In a surprise move, accused wife killer Quincy Norton on Thursday attempted to fire his lawyer and remove the judge from his case just before opening statements.
Both motions, which were denied, are the latest in a case already fraught with twists and turns. Prosecutors say Norton’s move was a delay tactic that is part of a larger strategy hatched by a handful of accused killers.
“I believe this to be manipulative and an attempt to disrupt the system,” protested Deputy District Attorney Al Giannini during Thurday’s pretrial motions.
While a gag order prevented him from talking about the Norton case, Chief Deputy District Attorney Steve Wagstaffe said that throughout February and March, five high-profile murder defendants, including Norton, withdrew their previous waiving of their rights to speedy trials.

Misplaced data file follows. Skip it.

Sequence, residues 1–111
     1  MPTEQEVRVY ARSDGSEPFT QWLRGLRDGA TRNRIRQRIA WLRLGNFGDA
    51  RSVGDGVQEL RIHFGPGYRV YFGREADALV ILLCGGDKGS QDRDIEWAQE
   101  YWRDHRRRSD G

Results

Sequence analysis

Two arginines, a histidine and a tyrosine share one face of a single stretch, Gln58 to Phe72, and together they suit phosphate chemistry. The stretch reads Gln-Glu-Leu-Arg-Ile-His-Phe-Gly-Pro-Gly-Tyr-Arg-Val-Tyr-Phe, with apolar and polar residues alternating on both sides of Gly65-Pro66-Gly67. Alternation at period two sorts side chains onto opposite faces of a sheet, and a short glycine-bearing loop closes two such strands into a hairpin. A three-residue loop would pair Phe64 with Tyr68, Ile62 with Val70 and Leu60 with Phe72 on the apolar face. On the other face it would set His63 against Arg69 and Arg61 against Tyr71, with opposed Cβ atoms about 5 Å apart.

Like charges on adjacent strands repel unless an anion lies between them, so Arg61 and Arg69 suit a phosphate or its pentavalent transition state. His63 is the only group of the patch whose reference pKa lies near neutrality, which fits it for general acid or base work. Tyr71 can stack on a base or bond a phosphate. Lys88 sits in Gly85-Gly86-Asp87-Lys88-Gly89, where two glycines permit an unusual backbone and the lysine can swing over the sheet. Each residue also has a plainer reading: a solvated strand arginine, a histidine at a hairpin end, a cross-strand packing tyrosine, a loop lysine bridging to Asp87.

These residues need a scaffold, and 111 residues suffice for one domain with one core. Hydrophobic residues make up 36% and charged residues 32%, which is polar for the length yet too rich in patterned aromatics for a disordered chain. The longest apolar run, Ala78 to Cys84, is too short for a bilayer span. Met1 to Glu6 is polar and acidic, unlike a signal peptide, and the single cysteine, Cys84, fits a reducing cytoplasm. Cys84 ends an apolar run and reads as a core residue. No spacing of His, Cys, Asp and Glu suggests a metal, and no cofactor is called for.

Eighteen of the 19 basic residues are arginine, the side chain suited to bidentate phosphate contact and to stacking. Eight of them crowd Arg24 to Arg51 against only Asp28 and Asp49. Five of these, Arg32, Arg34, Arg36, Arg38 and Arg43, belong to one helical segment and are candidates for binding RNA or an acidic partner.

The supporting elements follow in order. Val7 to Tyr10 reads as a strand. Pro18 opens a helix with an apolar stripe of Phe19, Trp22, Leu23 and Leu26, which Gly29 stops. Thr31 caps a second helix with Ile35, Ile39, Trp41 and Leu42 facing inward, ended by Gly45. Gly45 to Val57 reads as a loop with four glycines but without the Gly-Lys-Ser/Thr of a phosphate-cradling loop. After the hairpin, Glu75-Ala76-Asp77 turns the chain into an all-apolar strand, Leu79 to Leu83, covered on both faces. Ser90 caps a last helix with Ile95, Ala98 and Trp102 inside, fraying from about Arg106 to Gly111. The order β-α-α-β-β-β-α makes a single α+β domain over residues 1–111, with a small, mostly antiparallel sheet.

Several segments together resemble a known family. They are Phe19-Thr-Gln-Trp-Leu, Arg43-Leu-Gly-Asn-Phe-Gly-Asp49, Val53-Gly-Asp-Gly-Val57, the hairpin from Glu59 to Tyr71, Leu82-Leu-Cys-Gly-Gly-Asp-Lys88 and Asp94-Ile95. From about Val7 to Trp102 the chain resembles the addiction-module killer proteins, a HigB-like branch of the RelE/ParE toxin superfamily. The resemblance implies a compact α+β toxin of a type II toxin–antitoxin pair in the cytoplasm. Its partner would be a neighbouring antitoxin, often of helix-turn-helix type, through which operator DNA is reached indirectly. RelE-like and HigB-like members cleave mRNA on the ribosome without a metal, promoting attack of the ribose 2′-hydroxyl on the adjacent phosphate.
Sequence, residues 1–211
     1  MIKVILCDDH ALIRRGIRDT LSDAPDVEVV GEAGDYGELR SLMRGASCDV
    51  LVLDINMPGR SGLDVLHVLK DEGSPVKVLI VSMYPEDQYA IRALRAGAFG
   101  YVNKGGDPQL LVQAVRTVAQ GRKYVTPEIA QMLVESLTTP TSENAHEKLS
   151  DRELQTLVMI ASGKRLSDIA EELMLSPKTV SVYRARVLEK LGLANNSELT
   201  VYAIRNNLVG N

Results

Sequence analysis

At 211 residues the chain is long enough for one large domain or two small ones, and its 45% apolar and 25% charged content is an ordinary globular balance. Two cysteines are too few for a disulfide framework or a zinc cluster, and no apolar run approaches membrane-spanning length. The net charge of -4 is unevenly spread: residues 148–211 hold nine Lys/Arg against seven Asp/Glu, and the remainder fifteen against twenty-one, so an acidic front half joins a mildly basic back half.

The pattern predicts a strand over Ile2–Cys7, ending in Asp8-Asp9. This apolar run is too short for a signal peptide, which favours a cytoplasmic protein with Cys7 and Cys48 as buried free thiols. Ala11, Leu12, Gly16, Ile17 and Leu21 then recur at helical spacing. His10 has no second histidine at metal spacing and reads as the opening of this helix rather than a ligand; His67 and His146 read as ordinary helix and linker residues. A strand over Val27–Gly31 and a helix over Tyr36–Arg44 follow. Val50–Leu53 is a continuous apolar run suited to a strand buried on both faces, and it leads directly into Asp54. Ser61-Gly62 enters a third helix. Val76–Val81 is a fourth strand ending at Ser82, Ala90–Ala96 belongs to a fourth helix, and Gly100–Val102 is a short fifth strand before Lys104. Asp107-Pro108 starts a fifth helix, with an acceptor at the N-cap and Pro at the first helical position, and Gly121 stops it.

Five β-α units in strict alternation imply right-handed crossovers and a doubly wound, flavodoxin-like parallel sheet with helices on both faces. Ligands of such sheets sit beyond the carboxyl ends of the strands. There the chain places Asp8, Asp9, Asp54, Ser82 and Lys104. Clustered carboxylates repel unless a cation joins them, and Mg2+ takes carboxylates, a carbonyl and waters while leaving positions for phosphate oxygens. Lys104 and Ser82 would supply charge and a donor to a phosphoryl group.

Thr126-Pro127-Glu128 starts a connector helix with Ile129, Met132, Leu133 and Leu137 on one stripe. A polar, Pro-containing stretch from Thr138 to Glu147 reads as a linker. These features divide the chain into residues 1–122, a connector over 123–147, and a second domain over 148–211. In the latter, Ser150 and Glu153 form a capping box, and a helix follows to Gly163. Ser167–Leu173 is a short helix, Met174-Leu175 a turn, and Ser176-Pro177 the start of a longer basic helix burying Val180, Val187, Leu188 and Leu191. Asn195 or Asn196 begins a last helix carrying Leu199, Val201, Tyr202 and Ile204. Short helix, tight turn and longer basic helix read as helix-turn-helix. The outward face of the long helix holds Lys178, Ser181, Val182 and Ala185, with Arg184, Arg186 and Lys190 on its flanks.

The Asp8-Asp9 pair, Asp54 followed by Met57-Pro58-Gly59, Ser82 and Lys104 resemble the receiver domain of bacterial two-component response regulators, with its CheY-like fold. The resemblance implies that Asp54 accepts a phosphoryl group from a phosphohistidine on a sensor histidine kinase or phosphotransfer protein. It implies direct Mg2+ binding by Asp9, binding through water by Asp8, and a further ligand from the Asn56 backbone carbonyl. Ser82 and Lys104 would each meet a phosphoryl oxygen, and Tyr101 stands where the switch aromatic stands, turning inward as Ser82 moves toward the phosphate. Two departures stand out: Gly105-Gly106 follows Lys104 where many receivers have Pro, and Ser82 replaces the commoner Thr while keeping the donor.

Refusing to waive time is extremely unusual in murder cases. Wagstaffe speculated that the defendants, who share space in the maximum security area of the county jail, conspired to ensure their trial dates overlapped in the hopes that the cases against them would be hastily prepared or assigned to less experienced prosecutors.
The trend began Feb. 27 with Domingo Samuel Naranjo, charged with a 2006 Redwood City fatal shooting, pulling his time waiver. The next day, Norton followed suit. The day after that, Charles Schuttloffel, accused of killing his two young sons in 2004, did the same.
On March 10, Reynaldo Maldanado — charged with a Daly City fatal stabbing in 2001 — also exercised his right. On March 14, two murder defendants chose to exercise their rights: Faustino Ayala, implicated in a gang killing, and Joseph Cua, accused of a 2006 murder in Millbrae.
In Norton’s case, Judge Craig Parsons granted a victory on Thusday for defense attorney Patricia Fox, who will now be able to present prosecutors’ allegedly sluggish timing in obtaining critical DNA evidence that could exonerate her client.
Two weeks ago, a routine saliva swab of Norton’s mistress revealed that her DNA was present on the handle of the knife used to kill Norton’s wife, Tamika Mack-Norton, in 2006.